Residents and interests from Hispaniola westward to the Bahamas and northward to Bermuda should continue to keep a close eye on the track of Peter this week.
Elsewhere in the basin, AccuWeather forecasters continue to monitor the progress of Rose over the open waters of the eastern Atlantic Ocean. Rose was downgraded from a tropical storm to a tropical depression at 11 p.m. on Tuesday with maximum sustained winds of 35 mph. Rose was located about 1,115 miles to the west-northwest of the Cabo Verde Islands on Wednesday midday and was moving northwest at 9 mph.
"Rose is forecast to track steadily to the north-northwest over the next several days with no impacts to land," Adkins said.
Adkins also noted that the storm is forecast to move into an area of less favorable conditions on Wednesday.
"Drier air, when combined with increasing wind shear and lower sea-surface temperatures, should induce a gradual loss of wind intensity, and Rose is likely to lose definition as an organized tropical system by the end of the week," Adkins explained.
Rose is not expected to bring any direct impacts to land as it churns over the open ocean. However, any shipping interests in the path of Rose may experience rough seas.
In addition to Rose and Peter, AccuWeather forecasters are monitoring two additional areas for potential tropical development this week.
The first and most likely area for tropical development is located to the southwest of the Cabo Verde Islands. An area of showers and thunderstorms, designated as Invest 98L by the National Hurricane Center (NHC), is forecast to track into favorable conditions for development later this week and could become the next tropical depression or tropical storm of the very active 2021 season.
AccuWeather forecasters expect 98L will experience a high chance for development through Friday.
The second area forecasters continue to monitor is associated with what remains of former Tropical Storm Odette over the northern Atlantic Ocean. Odette formed over the Atlantic, a few hundred miles off the mid-Atlantic coast, Friday afternoon and lost its tropical characteristics about 24 hours later.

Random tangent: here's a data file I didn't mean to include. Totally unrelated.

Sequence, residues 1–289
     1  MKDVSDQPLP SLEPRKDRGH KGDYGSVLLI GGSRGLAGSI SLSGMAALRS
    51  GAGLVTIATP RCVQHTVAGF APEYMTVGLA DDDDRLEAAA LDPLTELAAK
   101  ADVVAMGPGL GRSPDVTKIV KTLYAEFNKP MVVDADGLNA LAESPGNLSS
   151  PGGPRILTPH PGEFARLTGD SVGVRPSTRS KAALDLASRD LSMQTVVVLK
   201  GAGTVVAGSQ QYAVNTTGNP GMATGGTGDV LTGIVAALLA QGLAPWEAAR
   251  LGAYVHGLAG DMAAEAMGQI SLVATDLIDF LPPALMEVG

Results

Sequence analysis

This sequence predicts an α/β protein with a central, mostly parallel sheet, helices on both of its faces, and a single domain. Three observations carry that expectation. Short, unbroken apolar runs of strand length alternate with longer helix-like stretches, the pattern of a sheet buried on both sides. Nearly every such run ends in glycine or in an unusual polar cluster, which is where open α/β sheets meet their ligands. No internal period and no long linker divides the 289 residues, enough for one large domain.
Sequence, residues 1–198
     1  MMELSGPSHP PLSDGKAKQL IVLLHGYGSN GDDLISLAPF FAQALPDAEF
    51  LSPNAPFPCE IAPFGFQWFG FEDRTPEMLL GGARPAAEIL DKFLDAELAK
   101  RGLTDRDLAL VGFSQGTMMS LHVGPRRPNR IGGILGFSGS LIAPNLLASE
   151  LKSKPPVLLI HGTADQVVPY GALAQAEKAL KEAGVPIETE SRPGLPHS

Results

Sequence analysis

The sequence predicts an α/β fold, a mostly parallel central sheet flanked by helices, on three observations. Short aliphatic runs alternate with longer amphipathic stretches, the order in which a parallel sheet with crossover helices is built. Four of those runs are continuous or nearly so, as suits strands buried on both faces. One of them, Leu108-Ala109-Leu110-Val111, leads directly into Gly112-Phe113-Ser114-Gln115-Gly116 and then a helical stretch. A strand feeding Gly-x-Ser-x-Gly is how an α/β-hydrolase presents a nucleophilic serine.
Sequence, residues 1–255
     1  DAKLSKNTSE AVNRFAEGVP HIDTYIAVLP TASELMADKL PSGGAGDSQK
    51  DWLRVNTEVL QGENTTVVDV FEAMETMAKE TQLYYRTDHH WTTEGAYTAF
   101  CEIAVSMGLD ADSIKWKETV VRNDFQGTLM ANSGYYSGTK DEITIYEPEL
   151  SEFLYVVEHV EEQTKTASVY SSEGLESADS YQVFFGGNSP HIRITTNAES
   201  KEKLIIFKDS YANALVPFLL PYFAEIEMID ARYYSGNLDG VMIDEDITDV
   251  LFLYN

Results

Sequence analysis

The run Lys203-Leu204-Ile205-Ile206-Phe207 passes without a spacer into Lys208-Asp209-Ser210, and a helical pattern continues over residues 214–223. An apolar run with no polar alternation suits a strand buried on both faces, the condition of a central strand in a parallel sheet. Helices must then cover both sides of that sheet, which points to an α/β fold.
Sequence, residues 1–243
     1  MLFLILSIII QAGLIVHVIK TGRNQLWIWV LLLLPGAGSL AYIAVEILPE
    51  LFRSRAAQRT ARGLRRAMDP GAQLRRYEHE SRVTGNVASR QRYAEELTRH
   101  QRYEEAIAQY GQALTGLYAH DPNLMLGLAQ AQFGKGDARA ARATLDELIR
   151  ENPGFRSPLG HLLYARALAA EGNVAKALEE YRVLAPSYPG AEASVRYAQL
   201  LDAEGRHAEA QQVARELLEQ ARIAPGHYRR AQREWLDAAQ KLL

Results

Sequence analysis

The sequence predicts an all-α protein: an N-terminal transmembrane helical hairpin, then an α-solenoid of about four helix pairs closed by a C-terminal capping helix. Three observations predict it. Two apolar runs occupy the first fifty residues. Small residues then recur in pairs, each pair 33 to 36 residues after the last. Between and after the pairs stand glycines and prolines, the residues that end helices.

The area of low pressure that once bore the name Odette is forecast to move over waters that may be warm enough to support some tropical development through the end of this week.
According to Adkins, there is a medium chance that Odette could redevelop and become a subtropical storm through Saturday.
Should what remains of Odette once again gain tropical characteristics and return from its stint in the tropical graveyard, it will keep the name Odette and will not be assigned a new name.
Even though tropical activity has increased across the Atlantic basin once again, AccuWeather forecasters say the opportunity for storms to rapidly organize and strengthen has been impacted as the Northern Hemisphere begins to transition into the fall season.
Atlantic tropical storm tracks as of September 20, 2021.
"The current atmospheric pattern across the Atlantic remains unfavorable for the robust development of tropical systems,” AccuWeather Hurricane Expert Dan Kottlowski said.
Kottlowski cautioned that this pattern does not prevent development entirely, but rather it just makes it more difficult for well-organized tropical systems to take shape.
The Atlantic basin has generated 17 tropical storms, six hurricanes and three major hurricanes (Category 3 or stronger) so far in 2021. AccuWeather is projecting 20-25 named tropical storms with as many as 10 hurricanes and five to seven major hurricanes in 2021. One or two more storms may have a direct impact on the U.S., following eight so far.
Rose and Peter were the 16th and 17th named tropical systems in the Atlantic basin this season. The next name on the list is Sam.